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This existence of this tomb was confirmed by the archaeologist, Paul Gosling in August 1989, having been first identified by Dr Peter Gill, of the Centre for Island Studies, Clare Island, as a possibly ancient structure some time before. It was surveyed by Paul Walsh, Megalithic Survey of Ireland, Ordnance Survey Office, Phoenix Park, Dublin in 1993 (Figure 18). With its discovery, we can now discern a definite Neolithic horizon of activity on Clare Island, probably dating back to the mid-third millennium before Christ (c. 3800-3,000 BC).
The monument occupies a saddle between two hillocks amidst the stark hummocky moraine topography to the E of Glan Hill (Knocknaveen on OS map). While thus sheltered from the prevailing winds, the site offers wide views to the north and east over the Lough Avullin basin and the north-eastern part of the island.. Immediately to the E of the tomb is a small peat basin known locally as"Poirtin Fuinch".
The tomb itself is a jumble of large stones, mantled, in the summer months, by a dense growth of bracken . An examination of the structural stones reveals that the tomb is of the court-tomb type, comprising one long and slightly wedge-shaped chamber (L 5.6m, Wth 2m max.) aligned ENE-WSW. Outside it, at the eastern end there was once a court, only four set slabs of which survive amid the mass of loose stone. From the extent of the latter, it would appear that the tomb was contained within a large cairn which now survives as a low oval cairn c. 19.25m long by c. 12.3m in maximum width. Though none of the original capstones survive a number of the massive corbel slabs are still in evidence along the SSE side of the chamber.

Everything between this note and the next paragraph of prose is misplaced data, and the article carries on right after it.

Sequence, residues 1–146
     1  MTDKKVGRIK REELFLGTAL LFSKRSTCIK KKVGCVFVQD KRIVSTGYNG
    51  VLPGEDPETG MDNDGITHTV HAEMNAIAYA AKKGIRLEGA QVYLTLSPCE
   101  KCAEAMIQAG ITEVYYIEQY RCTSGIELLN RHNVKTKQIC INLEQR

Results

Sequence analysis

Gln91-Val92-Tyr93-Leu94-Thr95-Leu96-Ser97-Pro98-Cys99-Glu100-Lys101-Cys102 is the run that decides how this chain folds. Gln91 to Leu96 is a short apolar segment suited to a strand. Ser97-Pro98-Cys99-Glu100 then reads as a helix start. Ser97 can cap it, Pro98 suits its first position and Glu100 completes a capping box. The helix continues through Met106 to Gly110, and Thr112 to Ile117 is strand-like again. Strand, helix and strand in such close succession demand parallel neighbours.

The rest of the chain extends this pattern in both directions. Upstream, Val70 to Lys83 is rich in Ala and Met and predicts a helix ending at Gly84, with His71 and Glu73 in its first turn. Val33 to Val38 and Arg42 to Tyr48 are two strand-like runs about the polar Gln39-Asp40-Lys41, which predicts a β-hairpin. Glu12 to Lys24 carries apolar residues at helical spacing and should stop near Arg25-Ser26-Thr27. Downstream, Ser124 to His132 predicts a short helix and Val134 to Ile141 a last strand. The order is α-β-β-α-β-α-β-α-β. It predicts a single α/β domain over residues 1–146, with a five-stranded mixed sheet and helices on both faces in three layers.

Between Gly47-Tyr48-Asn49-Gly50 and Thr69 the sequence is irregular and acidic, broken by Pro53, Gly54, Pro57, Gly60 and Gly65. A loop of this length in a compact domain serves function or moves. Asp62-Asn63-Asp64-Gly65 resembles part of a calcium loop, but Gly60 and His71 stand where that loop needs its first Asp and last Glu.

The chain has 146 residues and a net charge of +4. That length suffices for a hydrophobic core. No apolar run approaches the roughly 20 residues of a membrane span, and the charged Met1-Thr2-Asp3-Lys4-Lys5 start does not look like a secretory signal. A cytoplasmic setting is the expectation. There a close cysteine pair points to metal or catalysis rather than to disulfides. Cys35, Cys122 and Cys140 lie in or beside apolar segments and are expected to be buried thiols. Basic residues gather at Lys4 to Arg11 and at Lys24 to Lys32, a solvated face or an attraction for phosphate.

Court-tombs are one of four main types of megalithic tombs known in Ireland. Over 300 of these tombs are now known, and their distribution is generally confined northern part of Ireland. Along with the less numerous portal tombs their presence is thought to represent an early horizon of Neolithic settlement. From excavated examples, we know that the burial rite in these tombs frequently took the form of what is known as collective burial. This often involved the burial of the cremated remains of a number of individuals. Collective deposits of disarticulated unburnt bones also occur occasionally, suggesting the dead were left 'exposed for some time before burial. The human remains were accompanied by fragmentary remains of pottery vessels, simple ornaments, and stone implements. Apart from their role as burial monuments, megalithic tombs are also likely to have acted as focal points for the communities who built them, possibly fulfilling roles as places of assembly for law-making, games, and rituals connected with the cycle of the seasons.
Map showing part of Fulachta Fiadha group and other settlement at Lecarrow, Clare Island